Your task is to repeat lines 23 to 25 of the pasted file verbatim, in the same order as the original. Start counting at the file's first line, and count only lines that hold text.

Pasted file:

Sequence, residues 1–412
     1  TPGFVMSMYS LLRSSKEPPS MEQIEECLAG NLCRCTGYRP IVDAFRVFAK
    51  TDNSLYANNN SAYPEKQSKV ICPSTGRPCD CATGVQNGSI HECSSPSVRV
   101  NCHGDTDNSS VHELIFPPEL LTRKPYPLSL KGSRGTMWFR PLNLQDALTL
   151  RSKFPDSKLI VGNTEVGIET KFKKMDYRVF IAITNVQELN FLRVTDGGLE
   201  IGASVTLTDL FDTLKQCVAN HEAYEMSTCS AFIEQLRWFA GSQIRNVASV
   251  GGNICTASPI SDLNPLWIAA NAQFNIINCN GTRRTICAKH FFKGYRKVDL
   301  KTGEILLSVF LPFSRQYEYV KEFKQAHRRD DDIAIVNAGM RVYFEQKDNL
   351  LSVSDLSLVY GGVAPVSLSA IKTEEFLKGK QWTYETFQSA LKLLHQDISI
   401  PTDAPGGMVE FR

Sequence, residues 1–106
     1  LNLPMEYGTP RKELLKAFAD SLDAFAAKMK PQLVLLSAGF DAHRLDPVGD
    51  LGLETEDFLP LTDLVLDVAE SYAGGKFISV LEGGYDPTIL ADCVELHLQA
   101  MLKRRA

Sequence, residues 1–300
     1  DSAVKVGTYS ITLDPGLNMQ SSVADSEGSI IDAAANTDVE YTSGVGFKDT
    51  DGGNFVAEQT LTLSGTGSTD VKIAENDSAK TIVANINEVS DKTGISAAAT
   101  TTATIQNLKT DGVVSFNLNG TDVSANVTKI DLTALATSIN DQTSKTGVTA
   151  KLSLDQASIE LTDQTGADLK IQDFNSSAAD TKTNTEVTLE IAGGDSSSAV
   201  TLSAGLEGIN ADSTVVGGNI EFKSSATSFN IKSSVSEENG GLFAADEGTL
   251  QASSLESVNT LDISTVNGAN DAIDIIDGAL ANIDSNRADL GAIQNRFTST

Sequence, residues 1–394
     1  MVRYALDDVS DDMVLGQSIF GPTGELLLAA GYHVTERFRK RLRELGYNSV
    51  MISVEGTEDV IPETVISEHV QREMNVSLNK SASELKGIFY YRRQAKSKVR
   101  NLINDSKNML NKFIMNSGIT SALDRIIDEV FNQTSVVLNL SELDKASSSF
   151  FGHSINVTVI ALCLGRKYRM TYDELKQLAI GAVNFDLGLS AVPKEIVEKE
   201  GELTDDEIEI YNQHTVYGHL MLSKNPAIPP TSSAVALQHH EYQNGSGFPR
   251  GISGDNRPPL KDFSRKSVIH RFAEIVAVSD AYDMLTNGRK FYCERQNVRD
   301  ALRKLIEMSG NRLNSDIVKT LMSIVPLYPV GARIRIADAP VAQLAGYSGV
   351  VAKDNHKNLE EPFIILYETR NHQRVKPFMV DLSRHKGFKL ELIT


     1  MVRYALDDVS DDMVLGQSIF GPTGELLLAA GYHVTERFRK RLRELGYNSV
    51  MISVEGTEDV IPETVISEHV QREMNVSLNK SASELKGIFY YRRQAKSKVR
   101  NLINDSKNML NKFIMNSGIT SALDRIIDEV FNQTSVVLNL SELDKASSSF